However, a child’s performance is based on how safe and secure the child feels as well as an environment that provides warmth, consistency, and family communication. Family structure also leads to other factor that influences childhood development and the styles in which parents teach that may or may not be a supportive foundation. A clinical psychologist named Diane Baumrind discovered that there were four styles of parenting; however, three styles were displayed most. Her discovery came from a study that she had conducted on more than 100 children.
This study of parenting and its effects on children displayed many aspects of parenting such as strategies of discipline, parental nurturance, styles of communication, and one’s level maturity and control. Observation from such dimensions created what is known as the four styles of parenting. Authoritarian Parenting Authoritarian parenting was a style of parenting that expected children to follow the rules and obey. Good behavior was rewarded; whereas, bad behavior was punished.
This style of parenting felt as though they needed to give no eason other than “they said so. ” Communication between parent and child was minimal with no response to child. Children who grew up from this type of parenting ranked lower in happiness, social competence, and self-esteem. Children are not allowed to make their own choices and given limited freedom. Authoritative Parenting Authoritative parenting is similar to that of authoritarian in terms of establishing rules and guidelines to follow, but much more democratic. However, this style of parenting is more responsive to their children.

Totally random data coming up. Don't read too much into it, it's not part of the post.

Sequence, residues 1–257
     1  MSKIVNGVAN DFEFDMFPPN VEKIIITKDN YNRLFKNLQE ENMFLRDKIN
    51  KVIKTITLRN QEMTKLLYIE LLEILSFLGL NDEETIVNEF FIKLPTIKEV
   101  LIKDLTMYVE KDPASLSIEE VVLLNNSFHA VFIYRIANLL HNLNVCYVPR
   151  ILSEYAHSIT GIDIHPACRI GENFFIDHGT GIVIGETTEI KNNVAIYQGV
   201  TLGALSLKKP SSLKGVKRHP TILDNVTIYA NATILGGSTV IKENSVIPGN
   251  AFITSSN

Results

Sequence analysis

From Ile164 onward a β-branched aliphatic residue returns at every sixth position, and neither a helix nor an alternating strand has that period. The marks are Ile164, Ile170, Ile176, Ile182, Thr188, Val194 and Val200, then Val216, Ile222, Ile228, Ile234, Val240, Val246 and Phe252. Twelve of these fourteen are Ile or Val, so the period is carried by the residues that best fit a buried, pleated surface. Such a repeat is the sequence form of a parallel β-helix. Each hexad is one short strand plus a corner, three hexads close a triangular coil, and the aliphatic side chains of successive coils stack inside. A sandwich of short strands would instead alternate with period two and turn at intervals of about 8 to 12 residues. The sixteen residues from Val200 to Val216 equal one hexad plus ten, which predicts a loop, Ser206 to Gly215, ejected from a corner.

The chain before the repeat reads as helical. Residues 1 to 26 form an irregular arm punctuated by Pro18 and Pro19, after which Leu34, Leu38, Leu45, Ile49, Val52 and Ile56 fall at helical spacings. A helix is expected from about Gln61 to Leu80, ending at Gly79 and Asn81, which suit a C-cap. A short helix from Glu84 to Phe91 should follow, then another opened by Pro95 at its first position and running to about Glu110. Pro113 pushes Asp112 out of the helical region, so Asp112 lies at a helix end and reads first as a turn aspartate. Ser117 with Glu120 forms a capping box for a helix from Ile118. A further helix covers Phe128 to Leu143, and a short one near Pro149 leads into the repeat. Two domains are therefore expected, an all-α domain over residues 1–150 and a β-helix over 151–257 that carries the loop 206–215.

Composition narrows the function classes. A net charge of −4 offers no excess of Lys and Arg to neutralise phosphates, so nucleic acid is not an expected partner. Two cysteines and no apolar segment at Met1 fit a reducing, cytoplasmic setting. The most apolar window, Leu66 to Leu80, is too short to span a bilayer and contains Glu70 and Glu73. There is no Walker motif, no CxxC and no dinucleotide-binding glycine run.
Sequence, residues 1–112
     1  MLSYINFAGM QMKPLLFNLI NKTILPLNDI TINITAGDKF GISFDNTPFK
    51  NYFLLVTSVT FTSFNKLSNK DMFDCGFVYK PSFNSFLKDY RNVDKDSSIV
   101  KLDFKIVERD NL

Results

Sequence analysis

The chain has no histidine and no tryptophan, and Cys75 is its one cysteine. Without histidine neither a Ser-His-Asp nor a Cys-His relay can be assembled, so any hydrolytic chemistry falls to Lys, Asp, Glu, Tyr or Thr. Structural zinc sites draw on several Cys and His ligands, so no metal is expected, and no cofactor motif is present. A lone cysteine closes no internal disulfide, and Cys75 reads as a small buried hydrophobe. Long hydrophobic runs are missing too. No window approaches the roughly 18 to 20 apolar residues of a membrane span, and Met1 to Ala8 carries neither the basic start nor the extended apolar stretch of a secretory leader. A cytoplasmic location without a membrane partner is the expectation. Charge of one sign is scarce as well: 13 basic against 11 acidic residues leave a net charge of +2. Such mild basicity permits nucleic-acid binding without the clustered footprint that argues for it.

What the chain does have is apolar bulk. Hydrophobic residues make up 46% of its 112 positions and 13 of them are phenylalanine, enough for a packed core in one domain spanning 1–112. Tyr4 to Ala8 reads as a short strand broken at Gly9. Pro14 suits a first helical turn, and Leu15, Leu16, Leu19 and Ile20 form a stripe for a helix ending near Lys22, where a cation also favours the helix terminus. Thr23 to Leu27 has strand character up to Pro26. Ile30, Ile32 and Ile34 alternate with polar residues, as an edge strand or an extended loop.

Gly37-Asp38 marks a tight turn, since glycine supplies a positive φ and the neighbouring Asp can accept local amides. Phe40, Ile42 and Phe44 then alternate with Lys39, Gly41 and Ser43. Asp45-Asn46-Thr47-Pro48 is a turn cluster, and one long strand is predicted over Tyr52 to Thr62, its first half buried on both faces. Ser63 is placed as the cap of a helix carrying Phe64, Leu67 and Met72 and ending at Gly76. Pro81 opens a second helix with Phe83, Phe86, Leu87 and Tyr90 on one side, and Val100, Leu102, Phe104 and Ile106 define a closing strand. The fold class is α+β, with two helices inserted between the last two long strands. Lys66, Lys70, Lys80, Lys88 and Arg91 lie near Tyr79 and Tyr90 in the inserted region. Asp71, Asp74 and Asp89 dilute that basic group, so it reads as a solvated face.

Though standards are set high there is room for decision-making. Parents are more willing to listen to their children and be more supportive rather than punitive. This style of parenting tends to result in happier children. These children tend to achieve higher grades in school, and have less social problems. Authoritative parenting helps children develop self-sufficiency and independence. This is the style of parenting I believe is most effective because it offers the most balanced approach to parenting.